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Mike Oldfield - Man On The Rocks CD (album) cover


Mike Oldfield


Crossover Prog

3.14 | 173 ratings

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Prog Reviewer
4 stars The first thing to say in this review is a health warning. If you are a person who believes that for a song to qualify as prog, it should be at least ten minutes long, and preferably twenty, or that any Mike Oldfield album that does not include at least one track of that length represents a sellout or abomination to all things prog, then it is fair to say that this new release is not for you. Do not waste your money, for you will be very upset and disappointed. Actually, best not to even read any further, go settle down, relax, and listen to some of that real prog.

For the rest of you, those open to the principle that a song based album can actually be pretty good and, well, like prog, this album might well be for you.

It is some six years since Oldfield's last release, and he had clearly entered a state of semi-retirement. However, the overwhelmingly positive response to his live appearance at the superb London 2012 Opening Ceremony, and, as clearly, the need to exorcise some inner demons that have been dormant for some time, persuaded the great man to sit down, write, get a band together, and release an album of entirely new material.

Band is the first thing, actually, to note about Man On The Rocks. It is an Oldfield band performance, rather than Oldfield doing it all. The man himself plays guitars and keyboards, but enlists the services of veteran bassist Leland Sklar (Phil Collins and CSN), drummer John Robinson (Eric Clapton), and, on vocals, Luke Spiller, of Derby indie rock band, The Struts. Yep, you read right, Oldfield has recruited an Indie singer to perform on one of his albums, which, if some comments are to be believed, represents a capital crime.

In fact, Spiller is one of the finds of the decade, and puts in one hell of a shift in on this. He has the full range, from the soft textures of the title track and Following The Angels, to the full rock pelt of Nuclear. Some have compared him to Freddie Mercury, and the comparison is not entirely a load of old spin. The way he works with Oldfield on the disturbingly catchy Minutes does, actually, invoke memories of another fine partnership Oldfield once had with a certain Maggie.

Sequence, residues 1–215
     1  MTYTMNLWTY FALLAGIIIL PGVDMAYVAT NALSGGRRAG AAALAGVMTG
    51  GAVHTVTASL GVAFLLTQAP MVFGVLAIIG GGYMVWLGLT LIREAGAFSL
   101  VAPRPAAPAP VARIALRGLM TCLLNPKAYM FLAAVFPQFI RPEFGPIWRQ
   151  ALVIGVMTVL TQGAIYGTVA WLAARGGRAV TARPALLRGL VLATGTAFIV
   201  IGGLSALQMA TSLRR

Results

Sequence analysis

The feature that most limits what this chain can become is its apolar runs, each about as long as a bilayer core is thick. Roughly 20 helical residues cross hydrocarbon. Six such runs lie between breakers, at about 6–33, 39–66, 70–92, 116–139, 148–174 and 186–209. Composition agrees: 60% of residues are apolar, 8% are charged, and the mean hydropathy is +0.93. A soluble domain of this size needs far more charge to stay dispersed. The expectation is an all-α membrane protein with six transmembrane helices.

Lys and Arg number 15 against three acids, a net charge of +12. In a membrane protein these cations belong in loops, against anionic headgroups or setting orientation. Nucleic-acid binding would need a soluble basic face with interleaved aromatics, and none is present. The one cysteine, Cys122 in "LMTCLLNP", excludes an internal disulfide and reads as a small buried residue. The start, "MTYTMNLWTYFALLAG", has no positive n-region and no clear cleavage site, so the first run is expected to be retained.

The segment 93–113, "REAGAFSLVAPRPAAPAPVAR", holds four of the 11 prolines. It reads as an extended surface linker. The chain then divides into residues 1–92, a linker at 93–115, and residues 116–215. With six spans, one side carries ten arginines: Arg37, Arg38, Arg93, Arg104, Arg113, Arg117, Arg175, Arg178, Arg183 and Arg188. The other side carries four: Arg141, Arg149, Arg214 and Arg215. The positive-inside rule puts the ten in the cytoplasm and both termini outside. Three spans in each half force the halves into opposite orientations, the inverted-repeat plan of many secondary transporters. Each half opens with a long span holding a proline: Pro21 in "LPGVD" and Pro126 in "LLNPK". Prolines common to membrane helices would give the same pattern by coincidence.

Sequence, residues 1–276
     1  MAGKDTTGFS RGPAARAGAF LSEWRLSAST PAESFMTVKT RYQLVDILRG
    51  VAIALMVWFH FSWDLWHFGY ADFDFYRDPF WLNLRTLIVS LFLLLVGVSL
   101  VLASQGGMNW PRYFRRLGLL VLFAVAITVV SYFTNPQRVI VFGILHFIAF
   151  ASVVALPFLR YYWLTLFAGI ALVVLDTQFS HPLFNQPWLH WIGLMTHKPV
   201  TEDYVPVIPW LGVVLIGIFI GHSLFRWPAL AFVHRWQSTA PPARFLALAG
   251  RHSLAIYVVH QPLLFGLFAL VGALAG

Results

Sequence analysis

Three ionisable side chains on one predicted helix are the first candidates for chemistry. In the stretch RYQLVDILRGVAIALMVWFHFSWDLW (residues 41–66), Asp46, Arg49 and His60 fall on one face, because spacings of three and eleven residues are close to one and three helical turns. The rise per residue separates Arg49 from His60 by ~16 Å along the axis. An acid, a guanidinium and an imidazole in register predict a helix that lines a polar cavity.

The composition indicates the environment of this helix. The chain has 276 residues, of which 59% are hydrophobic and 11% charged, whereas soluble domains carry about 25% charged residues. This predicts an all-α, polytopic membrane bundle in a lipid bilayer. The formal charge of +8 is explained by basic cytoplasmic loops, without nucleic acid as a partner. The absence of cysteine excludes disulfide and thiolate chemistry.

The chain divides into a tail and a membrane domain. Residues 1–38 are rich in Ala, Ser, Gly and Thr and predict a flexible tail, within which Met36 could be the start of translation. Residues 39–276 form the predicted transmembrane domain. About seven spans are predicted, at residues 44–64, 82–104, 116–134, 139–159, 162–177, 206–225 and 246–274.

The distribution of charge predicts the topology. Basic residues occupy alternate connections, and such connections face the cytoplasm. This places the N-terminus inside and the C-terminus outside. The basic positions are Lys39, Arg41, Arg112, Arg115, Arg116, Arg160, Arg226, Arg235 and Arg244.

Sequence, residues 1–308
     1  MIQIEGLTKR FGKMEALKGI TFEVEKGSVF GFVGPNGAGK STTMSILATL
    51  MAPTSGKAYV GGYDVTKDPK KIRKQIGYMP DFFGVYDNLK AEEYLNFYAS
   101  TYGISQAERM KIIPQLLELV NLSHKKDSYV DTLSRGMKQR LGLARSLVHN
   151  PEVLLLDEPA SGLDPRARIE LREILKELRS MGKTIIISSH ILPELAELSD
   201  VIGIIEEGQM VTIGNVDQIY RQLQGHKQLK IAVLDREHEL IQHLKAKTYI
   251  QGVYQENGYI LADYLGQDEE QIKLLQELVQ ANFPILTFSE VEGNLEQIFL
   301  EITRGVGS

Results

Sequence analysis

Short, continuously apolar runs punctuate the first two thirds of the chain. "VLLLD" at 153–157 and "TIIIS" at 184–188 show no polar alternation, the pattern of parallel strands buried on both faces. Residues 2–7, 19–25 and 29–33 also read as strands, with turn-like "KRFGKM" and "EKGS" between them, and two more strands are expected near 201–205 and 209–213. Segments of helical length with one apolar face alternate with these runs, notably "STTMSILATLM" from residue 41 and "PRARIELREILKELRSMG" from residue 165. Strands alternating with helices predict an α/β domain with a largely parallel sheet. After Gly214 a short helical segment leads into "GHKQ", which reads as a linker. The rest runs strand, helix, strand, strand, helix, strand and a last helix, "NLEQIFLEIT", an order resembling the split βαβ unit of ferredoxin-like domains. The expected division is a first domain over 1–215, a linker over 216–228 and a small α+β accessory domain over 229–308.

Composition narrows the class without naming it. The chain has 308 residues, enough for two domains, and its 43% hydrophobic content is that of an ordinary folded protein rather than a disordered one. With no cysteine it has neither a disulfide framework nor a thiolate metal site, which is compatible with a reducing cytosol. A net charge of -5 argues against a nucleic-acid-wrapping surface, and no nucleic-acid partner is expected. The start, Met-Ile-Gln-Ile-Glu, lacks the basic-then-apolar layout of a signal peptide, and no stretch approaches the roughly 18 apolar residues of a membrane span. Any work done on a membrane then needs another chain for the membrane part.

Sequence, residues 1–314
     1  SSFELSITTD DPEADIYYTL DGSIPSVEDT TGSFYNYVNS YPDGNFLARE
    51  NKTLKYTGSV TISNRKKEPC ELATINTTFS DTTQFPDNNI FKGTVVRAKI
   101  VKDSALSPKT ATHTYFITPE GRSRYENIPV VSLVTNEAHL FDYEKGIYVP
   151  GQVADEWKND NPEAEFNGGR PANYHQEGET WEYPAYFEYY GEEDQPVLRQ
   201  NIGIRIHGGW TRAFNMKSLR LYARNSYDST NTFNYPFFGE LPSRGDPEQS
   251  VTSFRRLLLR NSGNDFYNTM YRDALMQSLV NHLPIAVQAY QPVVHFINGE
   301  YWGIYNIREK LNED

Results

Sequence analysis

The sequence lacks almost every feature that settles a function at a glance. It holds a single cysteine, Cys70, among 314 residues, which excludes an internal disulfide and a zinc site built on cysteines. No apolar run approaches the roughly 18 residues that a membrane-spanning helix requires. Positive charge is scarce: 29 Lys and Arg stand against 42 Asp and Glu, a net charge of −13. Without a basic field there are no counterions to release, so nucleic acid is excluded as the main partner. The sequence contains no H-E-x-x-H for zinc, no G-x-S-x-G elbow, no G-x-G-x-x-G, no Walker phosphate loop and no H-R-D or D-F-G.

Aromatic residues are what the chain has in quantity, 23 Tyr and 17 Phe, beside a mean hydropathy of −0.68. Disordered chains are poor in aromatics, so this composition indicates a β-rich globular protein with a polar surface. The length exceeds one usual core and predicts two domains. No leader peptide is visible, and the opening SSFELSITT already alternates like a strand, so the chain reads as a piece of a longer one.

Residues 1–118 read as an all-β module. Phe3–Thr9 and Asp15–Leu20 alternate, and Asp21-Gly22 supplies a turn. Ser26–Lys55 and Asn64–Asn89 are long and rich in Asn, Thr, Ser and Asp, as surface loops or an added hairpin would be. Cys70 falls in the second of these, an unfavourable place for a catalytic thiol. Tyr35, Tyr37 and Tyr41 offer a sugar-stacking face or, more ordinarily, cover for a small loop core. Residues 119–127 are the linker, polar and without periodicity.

The music is fair mix of styles, from the pure, and instantly enjoyable toe-tapping, pop of opener Sailing, to the dark, heavy, and brooding Nuclear, via Celtic infused influences (similar to those found on Voyager) of Moonshine, Chariots, which could easily have found a way into a album such as Calling All Stations, and gospel influences on Following The Angels and the closer, I Give Myself Away.

The constant throughout is Oldfield's guitar work. If he had been the lead guitarist of a common or garden band, rather than the multi instrumentalist we know, I genuinely believe that we would be talking about him in the same reverential and hushed tones we reserve for the likes of Howe and Hackett. His (undoubtedly conscious) decision to restrict himself to guitars and keys allows him to shine, and this album contains some of the best trademark guitar bursts, licks, and riffs heard from him for many a year. I simply love the electric burst of Castaway, which screams and cries emotion.

I mentioned earlier inner demons. Well, the extraordinary title track, with its slow opening right to the bombastic rock pomp of the emotional outlets that follow, deals with his, and his late mother's, many addictions, the thoughtful Castaway with the fear of a child, Minutes and Chariots, with missing loved ones and separation (he is going through yet another separation and divorce), and, especially, the very dark Nuclear, the highlight of the album for me, dealing with emotional suffering, the riffs of which remind me of Blackmore at his rock peak, and put many so called heavy rock acts to shame. The other fine harder rock track is Irene, dealing with the hurricane that struck the island where Oldfield now calls home.

It is not, however, all doom and gloom. Following The Angels, the longest track at just over seven minutes, is a tribute to the Olympic Opening Ceremony, Sailing is about the joy of a life on the ocean waves, and a nice, gently performed, worship number in the closer, I Give Myself Away, written by William McDowell, a black gospel singer and preacher. I love the complex prog pop of Dreaming In The Wind, a tribute to an unknown man whose ashes were spread in the sea, but is more cheery than it might sound on reading. Actually, the word, in spite of some of the subject matter, that best describes this album is fun, in that Oldfield, I believe, had a great deal of fun and satisfaction in making it. It is not a "simple" pop album, it is the mature work of a great songwriter which grows on one with each and every listen.

Okay, so to a rating. Going back to the beginning of this review, this is not an Amarok, Bells, Incantations, or Ommadawn. It could be better compared to side two of Crises, or albums such as QE2 or Discovery, and stands up very well in comparison, so four stars for this, an album which I will play regularly for a long time. This review is of the single cd only. There is an extended version available with instrumental work.

His swan song? I know not, but, if it is, there are far worse ways to sign off.

lazland | 4/5 |


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